In 1264 the first parliaments were held in England and Ireland. This was the beginning of the long and complex development of a parliamentary tradition in both countries.
The early parliaments were essentially councils through which the King consulted his chief nobles, but over time they evolved into the representative democracies we have today.
Over the past 750 years, although the main source of power in Ireland was the Crown and then the English - later British - Parliament, there has been a constant interaction and influence between the two traditions.
For most of this period Ireland had a parliament of her own, but the English and then British Parliament often asserted its right to legislate on Irish matters.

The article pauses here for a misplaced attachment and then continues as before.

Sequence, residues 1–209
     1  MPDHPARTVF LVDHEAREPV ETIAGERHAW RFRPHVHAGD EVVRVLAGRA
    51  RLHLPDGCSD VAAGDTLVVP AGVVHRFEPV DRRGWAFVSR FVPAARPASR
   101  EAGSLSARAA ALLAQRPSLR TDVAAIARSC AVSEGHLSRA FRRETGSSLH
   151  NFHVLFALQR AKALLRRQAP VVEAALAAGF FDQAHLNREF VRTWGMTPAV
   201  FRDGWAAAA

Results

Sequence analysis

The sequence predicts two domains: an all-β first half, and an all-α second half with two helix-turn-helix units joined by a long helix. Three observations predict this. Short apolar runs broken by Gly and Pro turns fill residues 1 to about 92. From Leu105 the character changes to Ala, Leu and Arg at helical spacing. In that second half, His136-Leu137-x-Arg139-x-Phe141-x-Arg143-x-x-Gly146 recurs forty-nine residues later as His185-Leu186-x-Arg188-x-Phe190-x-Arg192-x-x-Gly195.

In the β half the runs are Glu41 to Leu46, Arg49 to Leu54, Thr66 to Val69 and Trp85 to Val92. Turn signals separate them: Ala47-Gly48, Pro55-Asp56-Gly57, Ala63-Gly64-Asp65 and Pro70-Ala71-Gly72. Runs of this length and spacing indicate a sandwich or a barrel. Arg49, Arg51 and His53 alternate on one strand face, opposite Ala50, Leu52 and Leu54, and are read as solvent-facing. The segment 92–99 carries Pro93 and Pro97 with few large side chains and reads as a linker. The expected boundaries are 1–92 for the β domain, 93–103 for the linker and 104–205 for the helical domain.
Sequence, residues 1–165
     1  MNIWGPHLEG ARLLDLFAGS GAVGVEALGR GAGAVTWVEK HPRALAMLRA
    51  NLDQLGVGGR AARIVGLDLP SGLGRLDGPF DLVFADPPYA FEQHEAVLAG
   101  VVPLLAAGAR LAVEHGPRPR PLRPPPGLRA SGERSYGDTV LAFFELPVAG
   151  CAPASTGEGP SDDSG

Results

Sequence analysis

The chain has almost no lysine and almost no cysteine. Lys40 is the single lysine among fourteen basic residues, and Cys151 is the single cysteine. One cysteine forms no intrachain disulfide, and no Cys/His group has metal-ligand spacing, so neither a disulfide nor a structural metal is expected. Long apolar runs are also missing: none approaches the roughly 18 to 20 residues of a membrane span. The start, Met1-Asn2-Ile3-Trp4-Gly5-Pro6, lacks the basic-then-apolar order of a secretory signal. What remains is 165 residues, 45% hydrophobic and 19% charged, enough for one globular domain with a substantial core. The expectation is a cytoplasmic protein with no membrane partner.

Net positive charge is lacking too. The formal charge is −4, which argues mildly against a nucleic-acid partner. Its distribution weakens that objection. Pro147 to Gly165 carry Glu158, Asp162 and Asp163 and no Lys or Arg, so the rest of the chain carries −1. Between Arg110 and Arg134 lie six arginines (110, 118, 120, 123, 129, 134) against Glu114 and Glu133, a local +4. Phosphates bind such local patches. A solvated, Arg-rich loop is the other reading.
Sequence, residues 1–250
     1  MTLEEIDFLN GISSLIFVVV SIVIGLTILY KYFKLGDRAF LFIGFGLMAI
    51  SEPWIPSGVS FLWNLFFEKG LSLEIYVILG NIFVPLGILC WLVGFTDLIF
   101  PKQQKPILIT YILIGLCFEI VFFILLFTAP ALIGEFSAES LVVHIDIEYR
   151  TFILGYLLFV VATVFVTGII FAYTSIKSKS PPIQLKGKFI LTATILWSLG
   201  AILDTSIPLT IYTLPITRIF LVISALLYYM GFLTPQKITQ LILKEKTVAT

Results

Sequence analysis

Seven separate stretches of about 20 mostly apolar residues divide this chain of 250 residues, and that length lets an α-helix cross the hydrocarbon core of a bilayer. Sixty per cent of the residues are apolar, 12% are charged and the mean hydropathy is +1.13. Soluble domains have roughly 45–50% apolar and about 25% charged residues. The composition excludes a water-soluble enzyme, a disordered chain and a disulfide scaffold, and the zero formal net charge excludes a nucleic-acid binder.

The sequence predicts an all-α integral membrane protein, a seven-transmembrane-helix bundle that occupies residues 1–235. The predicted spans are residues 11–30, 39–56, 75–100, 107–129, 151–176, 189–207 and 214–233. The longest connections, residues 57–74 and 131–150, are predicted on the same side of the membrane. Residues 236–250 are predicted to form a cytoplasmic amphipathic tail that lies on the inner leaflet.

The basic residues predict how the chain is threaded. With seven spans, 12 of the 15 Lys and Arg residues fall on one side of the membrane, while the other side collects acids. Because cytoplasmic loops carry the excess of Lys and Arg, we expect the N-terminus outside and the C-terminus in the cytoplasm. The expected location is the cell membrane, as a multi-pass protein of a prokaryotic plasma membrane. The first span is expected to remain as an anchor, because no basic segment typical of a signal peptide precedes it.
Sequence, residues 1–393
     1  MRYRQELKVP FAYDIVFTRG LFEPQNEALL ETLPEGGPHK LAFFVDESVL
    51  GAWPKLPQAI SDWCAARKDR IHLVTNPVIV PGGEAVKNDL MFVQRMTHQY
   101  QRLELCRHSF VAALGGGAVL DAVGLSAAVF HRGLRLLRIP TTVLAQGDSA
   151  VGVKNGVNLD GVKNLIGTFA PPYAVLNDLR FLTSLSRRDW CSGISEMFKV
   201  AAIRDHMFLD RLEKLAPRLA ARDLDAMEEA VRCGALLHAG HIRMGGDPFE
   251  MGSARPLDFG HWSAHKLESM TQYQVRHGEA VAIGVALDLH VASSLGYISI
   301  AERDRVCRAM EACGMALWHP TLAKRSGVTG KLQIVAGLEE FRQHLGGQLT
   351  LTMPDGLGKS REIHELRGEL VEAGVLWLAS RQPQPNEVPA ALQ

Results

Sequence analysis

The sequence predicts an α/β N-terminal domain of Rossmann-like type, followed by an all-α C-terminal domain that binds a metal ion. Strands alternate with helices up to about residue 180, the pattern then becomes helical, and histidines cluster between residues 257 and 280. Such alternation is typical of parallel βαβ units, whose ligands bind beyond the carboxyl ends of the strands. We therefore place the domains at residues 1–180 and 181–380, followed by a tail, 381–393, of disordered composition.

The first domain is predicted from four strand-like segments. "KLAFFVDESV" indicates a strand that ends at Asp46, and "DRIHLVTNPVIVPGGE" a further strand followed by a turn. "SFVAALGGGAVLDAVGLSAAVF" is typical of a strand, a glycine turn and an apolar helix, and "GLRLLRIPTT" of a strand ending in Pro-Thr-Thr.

Home rule campaign
From 1801 the Irish and Westminster Parliaments were united, but gradually a campaign for home rule strengthened, calling for the restoration of Irish legislative independence. When this was granted in 1920, Parliament’s influence over Irish affairs declined until violence flared in Northern Ireland towards the end of the 1960s.
Parliament assumed direct control of the North from 1972 but made repeated attempts to restore devolved government, culminating with the Northern Ireland Assembly created by the Good Friday Agreement in 1998.